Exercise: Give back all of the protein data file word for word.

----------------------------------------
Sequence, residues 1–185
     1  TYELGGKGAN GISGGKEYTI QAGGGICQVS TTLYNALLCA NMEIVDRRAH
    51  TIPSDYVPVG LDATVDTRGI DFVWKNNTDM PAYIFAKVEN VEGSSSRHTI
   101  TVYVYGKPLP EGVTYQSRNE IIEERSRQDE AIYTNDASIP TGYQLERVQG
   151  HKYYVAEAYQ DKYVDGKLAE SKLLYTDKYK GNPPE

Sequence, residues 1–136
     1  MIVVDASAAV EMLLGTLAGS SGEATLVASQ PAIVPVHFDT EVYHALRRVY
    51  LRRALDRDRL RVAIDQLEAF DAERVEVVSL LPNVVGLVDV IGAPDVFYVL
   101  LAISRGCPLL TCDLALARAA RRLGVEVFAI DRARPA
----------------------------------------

Sequence, residues 1–185
     1  TYELGGKGAN GISGGKEYTI QAGGGICQVS TTLYNALLCA NMEIVDRRAH
    51  TIPSDYVPVG LDATVDTRGI DFVWKNNTDM PAYIFAKVEN VEGSSSRHTI
   101  TVYVYGKPLP EGVTYQSRNE IIEERSRQDE AIYTNDASIP TGYQLERVQG
   151  HKYYVAEAYQ DKYVDGKLAE SKLLYTDKYK GNPPE

Sequence, residues 1–136
     1  MIVVDASAAV EMLLGTLAGS SGEATLVASQ PAIVPVHFDT EVYHALRRVY
    51  LRRALDRDRL RVAIDQLEAF DAERVEVVSL LPNVVGLVDV IGAPDVFYVL
   101  LAISRGCPLL TCDLALARAA RRLGVEVFAI DRARPA